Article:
- Discover the 21 program
- Your 21 Workout Template
- Benefits of the 21 program
- Read more:
8, 10, 12, 15 is the typical number of repetitions we do during a workout. But doing the same thing over and over in your workout isn’t just tiring for you. It also tires your muscles, inhibiting muscle growth and limiting the effectiveness of the exercise.
Fortunately, there are many ways to change your favorite strength exercises to shake up your body and achieve positive results. One of the most common and proven techniques is called “21”.
“Eccentric loading is one of the most effective ways to stimulate muscle growth,” explains David Carthagno, osteopathic doctor, owner of the Scottsdale Sports Medicine Institute in Scottsdale, Arizona. “Program 21 is exactly that. You alternate three different ranges of motion in one exercise instead of doing regular isotonic exercises with the same amplitude, ”he continues.
Below is Dr. Carthagno’s workout plan, which takes some very familiar arm exercises to a whole new level, allowing you to go beyond the plateau and achieve better results.
Your 21 Workout Template
As well as all exercises that have their own range of motion (BP), or the scheme of execution, which must be adhered to, repetitions according to the “21” program can be divided into three parts: lower range of motion, upper range of motion and range of motion.
However, fearless bodybuilders, be careful: more reps combined with three different ranges of movement in one set will be a real test of your strength and endurance.
Be prepared to accept the fact that doing a 21-rep program may require a lower weight selection than the standard 12-15 full-amplitude repetitions.
The following is a diagram of the execution of all approaches in which each amplitude is repeated 7 times, making a total of 21 repetitions.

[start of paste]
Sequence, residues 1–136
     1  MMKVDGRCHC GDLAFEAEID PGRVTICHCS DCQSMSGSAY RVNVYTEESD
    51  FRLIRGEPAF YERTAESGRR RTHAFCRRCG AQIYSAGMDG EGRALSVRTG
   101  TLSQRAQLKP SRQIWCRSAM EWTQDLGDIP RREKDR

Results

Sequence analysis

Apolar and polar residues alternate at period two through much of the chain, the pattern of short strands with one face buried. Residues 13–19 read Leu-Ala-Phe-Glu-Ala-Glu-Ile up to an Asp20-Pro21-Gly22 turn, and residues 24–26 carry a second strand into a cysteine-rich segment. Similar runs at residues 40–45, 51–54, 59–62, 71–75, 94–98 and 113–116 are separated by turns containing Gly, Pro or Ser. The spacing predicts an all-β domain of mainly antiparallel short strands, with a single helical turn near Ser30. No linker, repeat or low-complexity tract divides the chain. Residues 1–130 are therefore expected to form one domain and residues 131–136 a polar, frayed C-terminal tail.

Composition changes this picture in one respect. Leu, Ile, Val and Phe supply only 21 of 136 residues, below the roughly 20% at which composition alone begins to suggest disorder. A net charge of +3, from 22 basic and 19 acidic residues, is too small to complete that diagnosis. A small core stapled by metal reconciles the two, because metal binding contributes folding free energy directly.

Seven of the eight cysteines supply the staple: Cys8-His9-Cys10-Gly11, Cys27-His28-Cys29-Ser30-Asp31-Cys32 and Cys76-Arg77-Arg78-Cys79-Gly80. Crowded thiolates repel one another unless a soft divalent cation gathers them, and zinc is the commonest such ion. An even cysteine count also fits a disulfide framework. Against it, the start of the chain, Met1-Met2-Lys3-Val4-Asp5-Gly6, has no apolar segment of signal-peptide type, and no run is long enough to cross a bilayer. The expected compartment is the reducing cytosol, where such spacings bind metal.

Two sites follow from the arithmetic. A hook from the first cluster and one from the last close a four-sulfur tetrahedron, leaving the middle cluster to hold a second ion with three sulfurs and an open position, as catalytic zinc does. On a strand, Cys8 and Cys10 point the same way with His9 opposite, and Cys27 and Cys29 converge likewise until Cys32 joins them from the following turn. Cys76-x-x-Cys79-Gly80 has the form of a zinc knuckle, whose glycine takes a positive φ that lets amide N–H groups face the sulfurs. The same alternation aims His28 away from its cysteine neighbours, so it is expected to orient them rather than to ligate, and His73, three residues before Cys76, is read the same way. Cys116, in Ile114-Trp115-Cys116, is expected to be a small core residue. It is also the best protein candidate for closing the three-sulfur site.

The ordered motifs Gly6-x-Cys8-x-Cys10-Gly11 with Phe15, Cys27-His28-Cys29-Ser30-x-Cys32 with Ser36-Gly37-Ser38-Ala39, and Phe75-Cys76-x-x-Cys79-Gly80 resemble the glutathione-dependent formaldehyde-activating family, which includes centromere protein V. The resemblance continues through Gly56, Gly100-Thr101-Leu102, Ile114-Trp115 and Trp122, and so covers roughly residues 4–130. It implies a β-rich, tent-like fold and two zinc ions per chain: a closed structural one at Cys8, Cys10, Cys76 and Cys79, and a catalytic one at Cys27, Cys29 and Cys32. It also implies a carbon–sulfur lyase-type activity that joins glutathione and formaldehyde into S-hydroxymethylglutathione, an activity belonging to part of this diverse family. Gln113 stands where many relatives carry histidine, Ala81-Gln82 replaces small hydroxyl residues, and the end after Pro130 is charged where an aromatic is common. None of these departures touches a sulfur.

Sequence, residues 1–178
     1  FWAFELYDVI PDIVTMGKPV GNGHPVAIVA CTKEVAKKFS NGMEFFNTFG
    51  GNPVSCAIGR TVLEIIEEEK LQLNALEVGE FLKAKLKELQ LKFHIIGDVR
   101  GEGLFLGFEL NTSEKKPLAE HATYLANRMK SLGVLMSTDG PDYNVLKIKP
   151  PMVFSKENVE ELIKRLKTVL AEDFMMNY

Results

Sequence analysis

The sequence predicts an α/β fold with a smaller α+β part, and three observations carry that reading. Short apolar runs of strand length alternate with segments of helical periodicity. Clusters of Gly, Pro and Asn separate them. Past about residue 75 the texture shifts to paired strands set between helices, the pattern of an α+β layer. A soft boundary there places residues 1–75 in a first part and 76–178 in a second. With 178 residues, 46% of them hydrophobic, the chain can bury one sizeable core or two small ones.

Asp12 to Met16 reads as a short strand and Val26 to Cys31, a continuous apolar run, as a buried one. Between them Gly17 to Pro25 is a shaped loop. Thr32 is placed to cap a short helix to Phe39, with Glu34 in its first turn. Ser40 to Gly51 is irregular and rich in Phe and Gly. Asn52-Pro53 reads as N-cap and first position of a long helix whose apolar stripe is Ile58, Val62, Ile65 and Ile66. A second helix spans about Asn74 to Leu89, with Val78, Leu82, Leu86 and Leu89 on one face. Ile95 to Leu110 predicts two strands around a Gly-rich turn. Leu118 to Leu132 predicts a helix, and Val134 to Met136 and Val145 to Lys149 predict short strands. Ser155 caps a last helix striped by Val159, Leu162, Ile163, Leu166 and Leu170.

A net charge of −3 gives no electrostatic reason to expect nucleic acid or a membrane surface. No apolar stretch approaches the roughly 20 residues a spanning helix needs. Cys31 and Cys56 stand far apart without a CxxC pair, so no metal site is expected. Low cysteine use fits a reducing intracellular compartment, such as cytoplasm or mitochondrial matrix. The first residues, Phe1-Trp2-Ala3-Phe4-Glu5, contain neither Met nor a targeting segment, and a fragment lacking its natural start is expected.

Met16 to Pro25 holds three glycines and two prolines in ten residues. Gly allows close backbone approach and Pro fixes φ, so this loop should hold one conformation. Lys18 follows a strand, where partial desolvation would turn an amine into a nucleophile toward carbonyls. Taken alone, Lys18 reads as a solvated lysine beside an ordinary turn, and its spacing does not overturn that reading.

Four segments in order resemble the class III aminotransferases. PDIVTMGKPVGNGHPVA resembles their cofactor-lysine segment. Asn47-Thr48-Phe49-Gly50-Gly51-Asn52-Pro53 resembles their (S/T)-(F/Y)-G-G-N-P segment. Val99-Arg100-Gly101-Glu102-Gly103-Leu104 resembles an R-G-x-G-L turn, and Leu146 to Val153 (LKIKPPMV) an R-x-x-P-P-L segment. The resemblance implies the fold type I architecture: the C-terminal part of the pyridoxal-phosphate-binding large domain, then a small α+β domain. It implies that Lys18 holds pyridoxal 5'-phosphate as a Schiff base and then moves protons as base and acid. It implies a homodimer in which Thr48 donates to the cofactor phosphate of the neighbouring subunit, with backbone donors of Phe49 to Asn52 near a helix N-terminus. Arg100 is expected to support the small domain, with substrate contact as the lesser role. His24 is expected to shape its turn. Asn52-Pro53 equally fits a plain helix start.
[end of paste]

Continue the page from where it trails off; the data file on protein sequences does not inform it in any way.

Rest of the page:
1. Lower amplitude
Lower half of the contraction – 7 reps per set
2. Upper amplitude
Top half contraction – 7 reps per set
3. Full amplitude
Full amplitude of contraction – 7 repetitions in each set
French bench press with dumbbells
Initial position: lie on a flat, flat bench so that your feet are completely on the floor and your stomach is pulled in.
Take dumbbells in each hand with a neutral grip (palms facing each other).
Extend your arms to straighten and bring them to a position directly over your shoulders.
- Lower BP: lower the dumbbells slowly until they are level with your head. Pause, then extend your arms until they reach a 45 ° position. Repeat the exercise.
- Upper FROM: lower the dumbbells slowly and stop when your arms form a 45 ° angle. Pause, then extend your arms until they are fully extended and the dumbbells are positioned directly over your shoulders.
- Full blood pressure: lower the dumbbells until they are level with your head. Pause, then extend your arms until they are positioned directly over your shoulders.
Standing Biceps Curl
Initial position: Place one side of the roller block machine in the down position and attach a straight bar.
Stand with your feet shoulder-width apart and slightly bend at the knees, stand facing the weights and grab the bar with a bottom grip.
- Lower BP: Bend your arms using your biceps and lift the plank up until your arms form a 90 ° angle. Pause, then slowly lower the bar back to the starting position, controlling movement. Repeat the exercise.
- Upper FROM: bend your arms and lift the bar towards your chest, squeezing your biceps for a second at the highest point of amplitude. Lower the bar to a 90 ° angle. Repeat the exercise.
- Full blood pressure: raise the bar from the starting position to the chest and lower it until the arms are fully extended at the lowest point of the amplitude, connecting the upper and lower blood pressure.
Extension for triceps on the block while standing
Initial position: Stand in front of a block machine and grab a straight (or V-shaped) bar with an overhead grip.
Bend your knees slightly, bend slightly forward at the waist and press your elbows against your torso at your sides, holding the bar at chest level.
Look forward, keep your back straight and tense.